This year’s Boston International Film Festival (BIFF), running through Saturday, is bringing movie fans, filmmakers from around the world and even some stars to the AMC Loews Theatres on Boston Common. (Photo courtesy of Rinat Harel)
|BIFF Programming Director Jean Desire (left) and festival founder and director Patrick Jerome (right), shown here in this photo from last year’s festival, are two of the players responsible for bringing a wide variety of compelling films and personalities to Boston. (Photo courtesy of the Boston International Film Festival)
|Film star Jack Black (left) and actor/comedian Laura Kightlinger (center) joined festival founder and director Patrick Jerome (right) at last year’s Boston Independent Film Festival (BIFF). (Photo courtesy of BIFF)
|A packed house at the AMC Loews Theatres on Boston Common during the 2007 BIFF. This year’s festival kicked off last Friday night and runs through Saturday. (Photo courtesy of Ruby Arguilla Tull photo)|
The Boston International Film Festival (BIFF) is just that — an eclectic collection of films covering a worldwide range of ideas and emotions, played out in settings as disparate as an AIDS-ravaged South African township, a grocery store where the fate of the world hangs in the balance and modern-day Los Angeles, where even the most intimate personal decisions can have a global scope.
Now in its sixth year, the annual festival celebrates independent filmmakers from all over the world, gives local cinema aficionados the opportunities to watch movies created by artists from different cultures, and offers directors and screenwriters the chance to not only see how audiences receive their films, but in some cases also interact with viewers through post-screening Q&A sessions.
This year’s program kicked off last Friday night and continues through Saturday night, with all screenings held at the AMC Lowes Theatres on Boston Common. More than 100 films, including documentaries, shorts and full-length features, will be highlighted during BIFF’s nine-day Common run, each providing its own meditation on the human condition.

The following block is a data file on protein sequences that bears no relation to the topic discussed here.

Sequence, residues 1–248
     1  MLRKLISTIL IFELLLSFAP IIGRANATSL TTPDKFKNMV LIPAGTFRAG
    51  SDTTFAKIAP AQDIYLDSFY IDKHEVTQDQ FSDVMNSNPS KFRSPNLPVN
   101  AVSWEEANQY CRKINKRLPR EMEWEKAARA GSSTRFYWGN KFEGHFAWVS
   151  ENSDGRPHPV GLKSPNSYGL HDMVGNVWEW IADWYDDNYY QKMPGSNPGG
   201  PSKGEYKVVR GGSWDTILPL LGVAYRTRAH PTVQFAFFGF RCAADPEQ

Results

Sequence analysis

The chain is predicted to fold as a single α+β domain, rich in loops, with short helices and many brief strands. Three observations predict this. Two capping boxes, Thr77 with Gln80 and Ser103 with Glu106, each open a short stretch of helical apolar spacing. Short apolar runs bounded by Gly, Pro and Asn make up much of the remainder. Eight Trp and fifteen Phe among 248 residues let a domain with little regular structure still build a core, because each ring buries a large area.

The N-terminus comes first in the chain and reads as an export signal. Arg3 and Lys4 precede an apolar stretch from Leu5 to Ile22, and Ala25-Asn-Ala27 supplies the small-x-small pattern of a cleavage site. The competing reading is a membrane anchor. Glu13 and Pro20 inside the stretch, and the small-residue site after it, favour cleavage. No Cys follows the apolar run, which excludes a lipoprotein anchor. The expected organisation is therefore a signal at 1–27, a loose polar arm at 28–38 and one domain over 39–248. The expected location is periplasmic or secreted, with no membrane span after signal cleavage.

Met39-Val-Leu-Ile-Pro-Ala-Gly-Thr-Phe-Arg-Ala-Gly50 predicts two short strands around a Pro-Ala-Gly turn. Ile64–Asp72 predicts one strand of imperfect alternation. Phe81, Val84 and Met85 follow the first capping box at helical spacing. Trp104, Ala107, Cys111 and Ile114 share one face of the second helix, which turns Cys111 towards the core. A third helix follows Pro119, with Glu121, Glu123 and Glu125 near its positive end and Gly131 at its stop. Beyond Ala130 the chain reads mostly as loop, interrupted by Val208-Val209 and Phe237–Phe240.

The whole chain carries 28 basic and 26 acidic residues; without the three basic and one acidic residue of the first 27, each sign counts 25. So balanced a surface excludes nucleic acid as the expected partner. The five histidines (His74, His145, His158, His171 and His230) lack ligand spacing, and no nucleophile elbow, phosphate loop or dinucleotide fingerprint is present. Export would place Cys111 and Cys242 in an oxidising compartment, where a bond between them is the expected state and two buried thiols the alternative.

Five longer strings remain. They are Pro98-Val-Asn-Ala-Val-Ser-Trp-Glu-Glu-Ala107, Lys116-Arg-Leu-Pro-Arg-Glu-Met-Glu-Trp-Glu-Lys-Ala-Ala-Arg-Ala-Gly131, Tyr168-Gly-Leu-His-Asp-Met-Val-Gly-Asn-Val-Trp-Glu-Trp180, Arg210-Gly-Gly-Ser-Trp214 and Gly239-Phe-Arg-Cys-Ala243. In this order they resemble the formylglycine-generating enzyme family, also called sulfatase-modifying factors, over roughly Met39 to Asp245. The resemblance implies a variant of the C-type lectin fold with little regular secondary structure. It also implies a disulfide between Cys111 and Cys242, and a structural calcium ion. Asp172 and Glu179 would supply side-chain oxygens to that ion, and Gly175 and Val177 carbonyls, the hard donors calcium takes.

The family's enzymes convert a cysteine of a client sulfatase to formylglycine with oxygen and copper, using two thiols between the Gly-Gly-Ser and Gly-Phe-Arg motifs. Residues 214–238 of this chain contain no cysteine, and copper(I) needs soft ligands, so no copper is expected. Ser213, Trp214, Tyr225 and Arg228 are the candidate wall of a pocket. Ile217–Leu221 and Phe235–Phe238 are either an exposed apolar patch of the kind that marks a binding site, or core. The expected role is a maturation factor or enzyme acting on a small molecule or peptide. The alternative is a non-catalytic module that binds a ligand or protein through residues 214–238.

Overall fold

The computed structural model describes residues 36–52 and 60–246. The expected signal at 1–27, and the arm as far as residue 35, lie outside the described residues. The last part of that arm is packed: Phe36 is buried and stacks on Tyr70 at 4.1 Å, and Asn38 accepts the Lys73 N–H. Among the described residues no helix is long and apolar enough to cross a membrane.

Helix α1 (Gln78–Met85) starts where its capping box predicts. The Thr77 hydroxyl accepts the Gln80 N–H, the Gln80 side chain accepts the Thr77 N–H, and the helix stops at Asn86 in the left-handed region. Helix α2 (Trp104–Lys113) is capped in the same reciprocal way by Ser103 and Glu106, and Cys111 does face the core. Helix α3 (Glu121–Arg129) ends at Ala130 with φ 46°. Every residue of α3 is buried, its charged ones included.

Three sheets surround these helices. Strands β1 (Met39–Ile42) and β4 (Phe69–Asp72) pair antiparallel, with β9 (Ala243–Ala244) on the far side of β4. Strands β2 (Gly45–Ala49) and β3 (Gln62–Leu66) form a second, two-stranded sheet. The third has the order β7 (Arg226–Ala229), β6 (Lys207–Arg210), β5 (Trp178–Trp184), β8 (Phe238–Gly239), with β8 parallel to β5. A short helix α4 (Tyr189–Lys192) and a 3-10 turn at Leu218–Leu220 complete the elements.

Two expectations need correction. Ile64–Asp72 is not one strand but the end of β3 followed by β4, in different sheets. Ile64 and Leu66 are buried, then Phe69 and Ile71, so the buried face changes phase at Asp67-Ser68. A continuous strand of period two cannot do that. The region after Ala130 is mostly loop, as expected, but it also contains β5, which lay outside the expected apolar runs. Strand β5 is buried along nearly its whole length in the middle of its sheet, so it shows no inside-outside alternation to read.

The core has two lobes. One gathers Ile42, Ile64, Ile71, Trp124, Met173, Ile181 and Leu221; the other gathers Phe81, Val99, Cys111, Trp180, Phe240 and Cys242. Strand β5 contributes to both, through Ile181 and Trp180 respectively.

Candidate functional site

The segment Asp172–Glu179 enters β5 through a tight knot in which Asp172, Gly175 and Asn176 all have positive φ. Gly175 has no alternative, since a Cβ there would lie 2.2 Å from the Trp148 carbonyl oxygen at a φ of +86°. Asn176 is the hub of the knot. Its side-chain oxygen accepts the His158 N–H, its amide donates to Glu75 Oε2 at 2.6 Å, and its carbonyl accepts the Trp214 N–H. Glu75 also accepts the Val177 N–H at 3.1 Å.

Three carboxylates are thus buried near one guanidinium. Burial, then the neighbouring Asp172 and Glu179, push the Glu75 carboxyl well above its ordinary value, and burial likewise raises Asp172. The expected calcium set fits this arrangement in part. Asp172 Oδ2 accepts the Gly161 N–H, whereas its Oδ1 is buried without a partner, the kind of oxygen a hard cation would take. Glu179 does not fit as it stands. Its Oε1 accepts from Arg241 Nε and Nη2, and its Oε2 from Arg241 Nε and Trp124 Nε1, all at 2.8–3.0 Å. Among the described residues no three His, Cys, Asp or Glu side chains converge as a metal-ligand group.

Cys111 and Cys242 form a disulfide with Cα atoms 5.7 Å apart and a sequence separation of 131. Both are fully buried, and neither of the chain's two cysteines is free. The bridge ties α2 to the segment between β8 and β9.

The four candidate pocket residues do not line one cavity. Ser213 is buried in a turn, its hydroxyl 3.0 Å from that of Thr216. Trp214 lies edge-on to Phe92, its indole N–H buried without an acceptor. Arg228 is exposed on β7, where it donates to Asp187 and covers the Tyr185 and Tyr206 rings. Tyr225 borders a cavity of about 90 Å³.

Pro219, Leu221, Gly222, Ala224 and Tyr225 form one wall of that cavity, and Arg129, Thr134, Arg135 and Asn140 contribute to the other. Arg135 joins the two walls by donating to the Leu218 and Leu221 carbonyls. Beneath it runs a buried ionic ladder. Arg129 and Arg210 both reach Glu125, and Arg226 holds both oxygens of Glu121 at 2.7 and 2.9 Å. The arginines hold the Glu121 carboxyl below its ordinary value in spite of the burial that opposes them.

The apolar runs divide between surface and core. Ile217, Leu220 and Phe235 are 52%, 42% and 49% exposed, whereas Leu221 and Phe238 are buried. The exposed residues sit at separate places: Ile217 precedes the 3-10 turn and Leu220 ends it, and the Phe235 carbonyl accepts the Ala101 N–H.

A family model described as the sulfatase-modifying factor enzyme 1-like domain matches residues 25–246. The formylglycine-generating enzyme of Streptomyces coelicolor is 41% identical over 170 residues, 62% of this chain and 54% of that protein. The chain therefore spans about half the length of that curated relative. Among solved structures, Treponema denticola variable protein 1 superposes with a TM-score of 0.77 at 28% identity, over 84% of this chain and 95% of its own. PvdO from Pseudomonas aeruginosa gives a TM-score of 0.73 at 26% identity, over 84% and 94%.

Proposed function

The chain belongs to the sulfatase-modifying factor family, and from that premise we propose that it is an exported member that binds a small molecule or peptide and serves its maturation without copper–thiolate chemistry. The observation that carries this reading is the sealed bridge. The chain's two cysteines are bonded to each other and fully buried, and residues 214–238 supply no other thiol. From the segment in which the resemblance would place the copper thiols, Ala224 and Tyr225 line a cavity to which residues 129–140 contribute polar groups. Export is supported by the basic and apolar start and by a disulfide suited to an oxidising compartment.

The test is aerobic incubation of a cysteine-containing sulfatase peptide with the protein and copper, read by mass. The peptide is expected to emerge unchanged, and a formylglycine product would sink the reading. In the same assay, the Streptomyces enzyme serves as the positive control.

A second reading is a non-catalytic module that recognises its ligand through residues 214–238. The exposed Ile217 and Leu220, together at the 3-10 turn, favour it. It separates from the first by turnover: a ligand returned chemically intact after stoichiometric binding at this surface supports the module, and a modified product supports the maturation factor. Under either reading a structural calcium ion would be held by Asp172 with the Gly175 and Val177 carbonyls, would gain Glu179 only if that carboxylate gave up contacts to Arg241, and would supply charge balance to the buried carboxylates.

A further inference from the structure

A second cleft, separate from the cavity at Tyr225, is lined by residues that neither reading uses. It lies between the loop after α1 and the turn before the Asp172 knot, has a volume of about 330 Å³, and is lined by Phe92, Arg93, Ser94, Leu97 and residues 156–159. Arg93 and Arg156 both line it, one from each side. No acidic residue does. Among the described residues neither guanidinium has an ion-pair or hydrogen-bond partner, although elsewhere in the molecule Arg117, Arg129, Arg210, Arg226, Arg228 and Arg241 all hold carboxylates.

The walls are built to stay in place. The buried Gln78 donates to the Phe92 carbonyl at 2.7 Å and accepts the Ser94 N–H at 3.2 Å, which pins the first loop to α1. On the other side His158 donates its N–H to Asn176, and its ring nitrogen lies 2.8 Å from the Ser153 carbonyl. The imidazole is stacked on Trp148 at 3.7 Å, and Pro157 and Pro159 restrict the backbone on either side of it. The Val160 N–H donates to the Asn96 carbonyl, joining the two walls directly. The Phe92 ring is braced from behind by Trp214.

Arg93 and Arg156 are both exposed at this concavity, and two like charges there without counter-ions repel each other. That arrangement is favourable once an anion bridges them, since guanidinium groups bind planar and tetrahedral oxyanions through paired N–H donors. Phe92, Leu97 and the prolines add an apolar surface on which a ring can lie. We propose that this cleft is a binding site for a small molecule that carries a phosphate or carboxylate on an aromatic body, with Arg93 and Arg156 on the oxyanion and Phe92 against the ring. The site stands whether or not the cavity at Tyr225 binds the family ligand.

Patrick Jerome, the festival’s founder and director, says the yearly gathering showcases the wide variety within Boston’s population, while uniting the city’s many groups under one roof.
“Boston is one of the cities that have the most diverse population,” Jerome says. “But the [level of] separation is high. To bring all the communities together is a must.”
A director himself, Jerome is screening one of his own films in this year’s festival. Entitled “Walls Have Ears,” the movie explores complex family dynamics after a family’s patriarch wins the state lottery.
Launching this year’s schedule was “The Road to Ingwavuma,” which offers a behind the scenes look at the group Actors for a New South Africa (ANSA), an organization that raises money for grassroots efforts to eradicate the lingering effects of apartheid, including poverty and lack of health care.
Deborah Santana, wife of musician Carlos Santana and an ANSA board member, is the executive producer of this film. During the film, she rattles off some sobering statistics about the region, including the fact that “people in their 20s are said to be dying at a rate faster than [those in] their 60s.”
The 35-minute film, directed by Barbara Rick, evolved from a long writing relationship and friendship she shared with Santana. Prior to becoming a filmmaker, Rick had been in the broadcast business in New York, working for the news arms of both CBS and ABC. She says filmmaking is much more fulfilling, and says this particular project has given her the chance to educate, enlighten and make a difference in the world.(p2)